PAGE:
In Switzerland, about 270 people are diagnosed with Hodgkin's lymphoma each year, and about 30 die from it each year.
Hodgkin's lymphoma is one of the rarer cancers. Worldwide, around 83,000 people are diagnosed with it every year.
To understand what Hodgkin lymphoma is, it helps to know about the lymph system (also known as the lymphatic system).
The lymph system is part of the immune system, which helps fight infections and some other diseases. It runs through the entire body and consists of a network of lymphatic vessels, lymph nodes and lymphatic organs. The lymph nodes consist of certain types of lymphocytes.
There are 2 main types of lymphocytes:
Hodgkin lymphoma usually starts in B lymphocytes.
Hodgkin's lymphoma is named after the British physician Thomas Hodgkin (1798-1866), who first described the disease in 1832.
Around 95 percent of all cases are classic Hodgkin's lymphoma (cHL). The cancer cells in this form are usually an abnormal type of B lymphocyte and are called Reed-Sternberg cells.
Classic Hodgkin’s lymphoma has 4 subtypes:
Most affected individuals show an easily palpable and often painless swelling of one or more lymph nodes in the neck, under the arm, or groin. The affected area may become painful after drinking alcohol. It may enlarge over time, or new enlarged lymph nodes may appear nearby or in other parts of the body.
Still, Hodgkin Lymphoma is not the most common cause of lymph node swelling. Most enlarged lymph nodes, especially in children, are caused by an infection. The affected lymph nodes usually hurt when they’re touched.
Other, so-called B symptoms, include:
Other possible symptoms of HL include:
These symptoms can also have other, more harmless causes than cancer. However, they should always be checked by a doctor. The earlier a tumor is detected, the better the treatment options and chances of recovery.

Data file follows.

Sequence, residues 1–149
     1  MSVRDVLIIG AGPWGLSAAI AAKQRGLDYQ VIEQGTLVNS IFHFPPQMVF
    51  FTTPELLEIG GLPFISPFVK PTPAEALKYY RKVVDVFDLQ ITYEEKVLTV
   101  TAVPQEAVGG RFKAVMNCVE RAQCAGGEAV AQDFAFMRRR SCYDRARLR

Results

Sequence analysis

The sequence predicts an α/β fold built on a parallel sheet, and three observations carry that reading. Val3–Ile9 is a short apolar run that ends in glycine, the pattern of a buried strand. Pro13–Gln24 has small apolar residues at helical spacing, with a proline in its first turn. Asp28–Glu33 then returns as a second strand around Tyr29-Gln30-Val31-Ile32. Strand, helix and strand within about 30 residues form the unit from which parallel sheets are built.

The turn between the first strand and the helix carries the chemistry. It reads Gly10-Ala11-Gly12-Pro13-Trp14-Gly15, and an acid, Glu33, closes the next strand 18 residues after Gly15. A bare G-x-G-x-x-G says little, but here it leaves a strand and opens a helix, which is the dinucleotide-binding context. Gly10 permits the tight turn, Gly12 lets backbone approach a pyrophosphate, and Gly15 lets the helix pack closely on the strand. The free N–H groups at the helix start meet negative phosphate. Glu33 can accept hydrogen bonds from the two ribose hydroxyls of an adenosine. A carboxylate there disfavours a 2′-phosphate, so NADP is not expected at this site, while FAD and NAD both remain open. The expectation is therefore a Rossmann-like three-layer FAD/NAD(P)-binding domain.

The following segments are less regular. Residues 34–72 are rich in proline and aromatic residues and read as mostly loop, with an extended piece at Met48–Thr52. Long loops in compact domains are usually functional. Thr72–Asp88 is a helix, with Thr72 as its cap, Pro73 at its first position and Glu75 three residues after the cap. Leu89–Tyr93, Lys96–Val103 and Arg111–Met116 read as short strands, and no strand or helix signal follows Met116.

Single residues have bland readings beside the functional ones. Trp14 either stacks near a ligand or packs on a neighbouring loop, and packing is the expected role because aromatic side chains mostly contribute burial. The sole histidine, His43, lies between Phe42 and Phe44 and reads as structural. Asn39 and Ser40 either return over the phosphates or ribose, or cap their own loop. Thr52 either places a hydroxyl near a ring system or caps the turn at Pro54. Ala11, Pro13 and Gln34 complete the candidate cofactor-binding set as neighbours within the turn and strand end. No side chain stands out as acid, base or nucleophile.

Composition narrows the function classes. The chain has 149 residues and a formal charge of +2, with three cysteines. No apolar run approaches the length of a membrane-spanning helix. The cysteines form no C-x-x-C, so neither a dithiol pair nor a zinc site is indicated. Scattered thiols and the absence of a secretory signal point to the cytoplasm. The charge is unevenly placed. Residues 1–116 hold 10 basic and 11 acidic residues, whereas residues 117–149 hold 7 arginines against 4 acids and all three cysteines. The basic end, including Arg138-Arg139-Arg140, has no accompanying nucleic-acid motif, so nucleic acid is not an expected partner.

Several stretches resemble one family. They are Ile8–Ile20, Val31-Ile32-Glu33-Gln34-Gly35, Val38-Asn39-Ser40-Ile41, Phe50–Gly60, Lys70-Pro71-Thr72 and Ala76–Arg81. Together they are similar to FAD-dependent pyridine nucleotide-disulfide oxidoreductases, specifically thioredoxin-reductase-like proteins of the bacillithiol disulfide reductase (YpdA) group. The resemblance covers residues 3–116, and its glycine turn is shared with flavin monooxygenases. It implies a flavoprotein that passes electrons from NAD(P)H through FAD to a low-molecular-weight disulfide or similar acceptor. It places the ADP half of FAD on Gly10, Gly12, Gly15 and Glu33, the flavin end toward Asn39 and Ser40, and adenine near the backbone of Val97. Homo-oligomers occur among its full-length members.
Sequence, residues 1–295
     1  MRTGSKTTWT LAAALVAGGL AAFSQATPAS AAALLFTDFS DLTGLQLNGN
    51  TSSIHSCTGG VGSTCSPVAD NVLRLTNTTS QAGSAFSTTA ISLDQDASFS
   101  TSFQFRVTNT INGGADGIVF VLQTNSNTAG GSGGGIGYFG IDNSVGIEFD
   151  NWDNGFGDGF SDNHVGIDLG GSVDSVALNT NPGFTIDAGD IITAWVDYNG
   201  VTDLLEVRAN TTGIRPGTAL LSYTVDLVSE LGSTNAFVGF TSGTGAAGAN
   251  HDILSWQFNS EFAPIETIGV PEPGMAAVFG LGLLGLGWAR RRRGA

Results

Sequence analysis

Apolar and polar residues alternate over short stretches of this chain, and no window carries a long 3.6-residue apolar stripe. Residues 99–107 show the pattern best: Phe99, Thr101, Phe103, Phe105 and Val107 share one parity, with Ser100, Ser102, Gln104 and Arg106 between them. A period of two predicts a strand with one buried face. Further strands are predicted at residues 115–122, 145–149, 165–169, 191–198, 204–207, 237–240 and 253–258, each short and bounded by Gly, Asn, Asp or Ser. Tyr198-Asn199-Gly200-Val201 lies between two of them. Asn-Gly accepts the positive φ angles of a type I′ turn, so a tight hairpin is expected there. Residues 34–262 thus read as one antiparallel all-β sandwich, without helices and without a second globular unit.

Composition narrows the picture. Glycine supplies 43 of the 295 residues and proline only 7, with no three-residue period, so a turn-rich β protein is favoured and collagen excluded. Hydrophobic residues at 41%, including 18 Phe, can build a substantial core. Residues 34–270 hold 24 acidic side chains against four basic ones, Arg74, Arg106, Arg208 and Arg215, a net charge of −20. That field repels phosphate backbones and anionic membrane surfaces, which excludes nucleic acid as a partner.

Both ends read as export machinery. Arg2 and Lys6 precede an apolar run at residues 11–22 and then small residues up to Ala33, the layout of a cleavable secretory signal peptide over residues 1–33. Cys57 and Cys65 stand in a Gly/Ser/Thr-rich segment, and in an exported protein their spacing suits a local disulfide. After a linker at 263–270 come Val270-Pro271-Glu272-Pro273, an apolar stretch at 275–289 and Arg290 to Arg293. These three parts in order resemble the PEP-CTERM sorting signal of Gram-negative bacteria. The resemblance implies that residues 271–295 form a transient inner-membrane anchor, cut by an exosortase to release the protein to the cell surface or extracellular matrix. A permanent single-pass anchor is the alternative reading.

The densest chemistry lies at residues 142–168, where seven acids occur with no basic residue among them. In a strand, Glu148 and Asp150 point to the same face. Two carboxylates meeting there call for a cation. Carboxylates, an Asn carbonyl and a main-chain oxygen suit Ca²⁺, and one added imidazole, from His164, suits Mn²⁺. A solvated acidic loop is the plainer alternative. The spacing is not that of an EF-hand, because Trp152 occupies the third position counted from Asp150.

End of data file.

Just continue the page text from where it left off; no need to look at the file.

The risk factors for developing Hodgkin's lymphoma are still unclear today, and the presence of one or more risk factors does not mean that the disease will actually occur. Many people who develop Hodgkin lymphoma have few or no known risk factors.
Known risk factors include:
Other possible risk factors are:
Only a few of the risk factors for Hodgkin's lymphoma can be influenced. Therefore, it is not possible to prevent most cases of the disease at this time.
One risk factor that can be influenced is smoking. Avoiding tobacco can minimize the risk of developing Hodgkin's lymphoma.
After a Hodgkin's lymphoma diagnosis, there is a good chance of long-term cure. Chemotherapy with or without radiation therapy is generally used to treat Hodgkin's lymphoma. Possible options in case of recurrence of the disease or if the therapy does not work are stem cell transplantation, targeted therapy or immunotherapy.
In Switzerland, about 270 people are diagnosed with Hodgkin's lymphoma each year. Most affected are adolescents and young adults between the ages of 15 and 30.